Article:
This study is very interesting and its results are promising. The extent of the changes in attitudes towards COVID-19 vaccines is of the same order of magnitude as what has been obtained (albeit in another context) with motivational interviewing, for childhood vaccines (Gagneur 2019: 40% reduction in parents’ vaccine hesitancy). As the authors of the present study point out, the 'dose-response' relationship observed between the time spent on the chatbot and the extent of the change in attitudes suggests that the latter is well related to interactions with the chatbot.
The fact that the greatest change in attitudes was found among those with the most negative attitudes at the outset is interesting but raises questions. Did these people spend more time on the chatbot than others because they had more questions? It would be interesting to have information and the authors' point of view on this point.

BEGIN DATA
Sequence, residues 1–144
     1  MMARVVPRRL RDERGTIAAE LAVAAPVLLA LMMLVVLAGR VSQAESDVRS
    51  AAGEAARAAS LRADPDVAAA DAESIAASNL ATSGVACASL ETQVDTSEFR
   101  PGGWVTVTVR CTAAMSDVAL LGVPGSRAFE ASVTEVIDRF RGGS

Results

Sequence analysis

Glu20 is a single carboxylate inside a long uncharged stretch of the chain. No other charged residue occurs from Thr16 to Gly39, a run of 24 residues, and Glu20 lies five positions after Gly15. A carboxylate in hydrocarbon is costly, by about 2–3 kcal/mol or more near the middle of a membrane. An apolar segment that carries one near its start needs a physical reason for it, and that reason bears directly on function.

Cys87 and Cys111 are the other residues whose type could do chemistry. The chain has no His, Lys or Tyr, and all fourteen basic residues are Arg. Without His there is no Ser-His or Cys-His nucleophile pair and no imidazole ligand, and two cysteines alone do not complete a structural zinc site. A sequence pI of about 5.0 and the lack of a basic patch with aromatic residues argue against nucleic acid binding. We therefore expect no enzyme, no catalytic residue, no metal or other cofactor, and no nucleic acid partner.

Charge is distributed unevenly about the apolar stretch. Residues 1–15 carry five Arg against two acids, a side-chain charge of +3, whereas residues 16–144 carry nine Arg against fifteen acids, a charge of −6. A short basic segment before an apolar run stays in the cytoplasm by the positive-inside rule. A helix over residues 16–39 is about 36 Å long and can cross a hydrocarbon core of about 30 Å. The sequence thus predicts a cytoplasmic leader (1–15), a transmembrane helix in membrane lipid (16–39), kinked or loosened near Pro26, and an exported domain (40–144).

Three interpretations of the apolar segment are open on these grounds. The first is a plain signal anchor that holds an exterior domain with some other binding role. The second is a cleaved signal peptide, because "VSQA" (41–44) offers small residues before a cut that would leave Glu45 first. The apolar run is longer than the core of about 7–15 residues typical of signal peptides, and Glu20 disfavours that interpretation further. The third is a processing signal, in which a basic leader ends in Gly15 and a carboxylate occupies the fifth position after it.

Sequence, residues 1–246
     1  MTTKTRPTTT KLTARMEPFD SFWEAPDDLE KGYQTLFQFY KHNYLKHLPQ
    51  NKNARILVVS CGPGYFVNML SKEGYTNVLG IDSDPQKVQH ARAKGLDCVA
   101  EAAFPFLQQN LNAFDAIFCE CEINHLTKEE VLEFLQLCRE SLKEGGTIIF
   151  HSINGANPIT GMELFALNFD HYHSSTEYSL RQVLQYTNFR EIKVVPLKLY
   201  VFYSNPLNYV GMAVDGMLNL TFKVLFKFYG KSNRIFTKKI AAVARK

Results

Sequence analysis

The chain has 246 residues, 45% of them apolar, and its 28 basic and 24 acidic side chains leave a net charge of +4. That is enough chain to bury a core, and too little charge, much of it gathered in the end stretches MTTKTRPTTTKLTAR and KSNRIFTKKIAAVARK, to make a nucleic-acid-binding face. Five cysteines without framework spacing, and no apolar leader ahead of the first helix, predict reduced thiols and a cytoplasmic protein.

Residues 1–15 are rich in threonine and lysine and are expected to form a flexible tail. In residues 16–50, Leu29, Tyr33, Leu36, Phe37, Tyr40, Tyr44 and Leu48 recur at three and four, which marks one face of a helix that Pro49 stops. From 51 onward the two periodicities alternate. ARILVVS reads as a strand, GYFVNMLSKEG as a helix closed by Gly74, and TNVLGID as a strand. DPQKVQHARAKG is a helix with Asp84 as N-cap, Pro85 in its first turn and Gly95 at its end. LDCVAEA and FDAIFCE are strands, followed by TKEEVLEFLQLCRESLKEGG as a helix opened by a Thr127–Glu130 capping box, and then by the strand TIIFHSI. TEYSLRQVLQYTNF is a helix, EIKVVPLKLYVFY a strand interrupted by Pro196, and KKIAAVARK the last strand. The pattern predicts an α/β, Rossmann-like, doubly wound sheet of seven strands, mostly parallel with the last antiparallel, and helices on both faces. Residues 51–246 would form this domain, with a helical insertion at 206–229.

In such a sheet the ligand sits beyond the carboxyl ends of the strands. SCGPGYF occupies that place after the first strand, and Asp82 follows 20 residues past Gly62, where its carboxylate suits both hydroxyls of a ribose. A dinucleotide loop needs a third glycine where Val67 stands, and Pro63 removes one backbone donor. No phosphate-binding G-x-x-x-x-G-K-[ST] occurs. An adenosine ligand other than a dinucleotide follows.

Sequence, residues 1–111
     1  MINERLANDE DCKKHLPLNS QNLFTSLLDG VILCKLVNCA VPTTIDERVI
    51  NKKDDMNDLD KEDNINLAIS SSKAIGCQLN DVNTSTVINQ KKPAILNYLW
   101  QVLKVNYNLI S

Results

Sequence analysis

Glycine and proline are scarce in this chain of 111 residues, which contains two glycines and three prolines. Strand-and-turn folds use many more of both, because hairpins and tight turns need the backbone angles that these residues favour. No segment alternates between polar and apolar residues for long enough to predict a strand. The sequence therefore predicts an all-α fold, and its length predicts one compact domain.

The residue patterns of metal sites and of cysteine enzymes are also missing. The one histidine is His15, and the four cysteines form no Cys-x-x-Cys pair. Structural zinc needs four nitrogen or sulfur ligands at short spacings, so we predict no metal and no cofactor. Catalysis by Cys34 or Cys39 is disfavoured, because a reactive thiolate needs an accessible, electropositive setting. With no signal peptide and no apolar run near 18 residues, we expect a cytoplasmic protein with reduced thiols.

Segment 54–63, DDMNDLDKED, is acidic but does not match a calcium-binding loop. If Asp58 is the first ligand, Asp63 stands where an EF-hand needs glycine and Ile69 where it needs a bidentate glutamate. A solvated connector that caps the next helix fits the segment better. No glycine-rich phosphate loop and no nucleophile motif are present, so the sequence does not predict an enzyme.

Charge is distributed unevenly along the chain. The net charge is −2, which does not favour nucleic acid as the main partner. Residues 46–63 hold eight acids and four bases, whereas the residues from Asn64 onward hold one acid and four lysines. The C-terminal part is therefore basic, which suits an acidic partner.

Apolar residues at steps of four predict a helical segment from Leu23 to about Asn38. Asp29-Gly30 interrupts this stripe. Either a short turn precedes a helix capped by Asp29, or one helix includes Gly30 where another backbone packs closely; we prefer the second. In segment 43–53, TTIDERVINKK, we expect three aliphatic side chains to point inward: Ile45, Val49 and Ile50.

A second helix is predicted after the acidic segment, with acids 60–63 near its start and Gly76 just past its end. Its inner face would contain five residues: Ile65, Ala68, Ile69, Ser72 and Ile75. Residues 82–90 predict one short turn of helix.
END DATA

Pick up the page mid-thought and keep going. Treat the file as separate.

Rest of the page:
Unfortunately, despite a second wave of survey, carried out one to two weeks after the first data collection, the authors were unable, for technical reasons, to verify whether the changes in attitudes and intention to be vaccinated were subsequently sustained at the individual level. This is a very important question in a changing context where the public is exposed to a lot of information. Of course, research will also be needed to verify the impact even on vaccination behavior.
The question also arises as to whether the interaction on the chatbot confers resistance to false information or whether it can correct it. A recent article demonstrates the harmful impact of exposure to misinformation on public attitudes and COVID-19 vaccination intentions (Loomba et al. 2021) and quantifies its extent (recent misinformation induced a decline in intent to vaccinate of more than 6 percentage points). The authors could comment on this.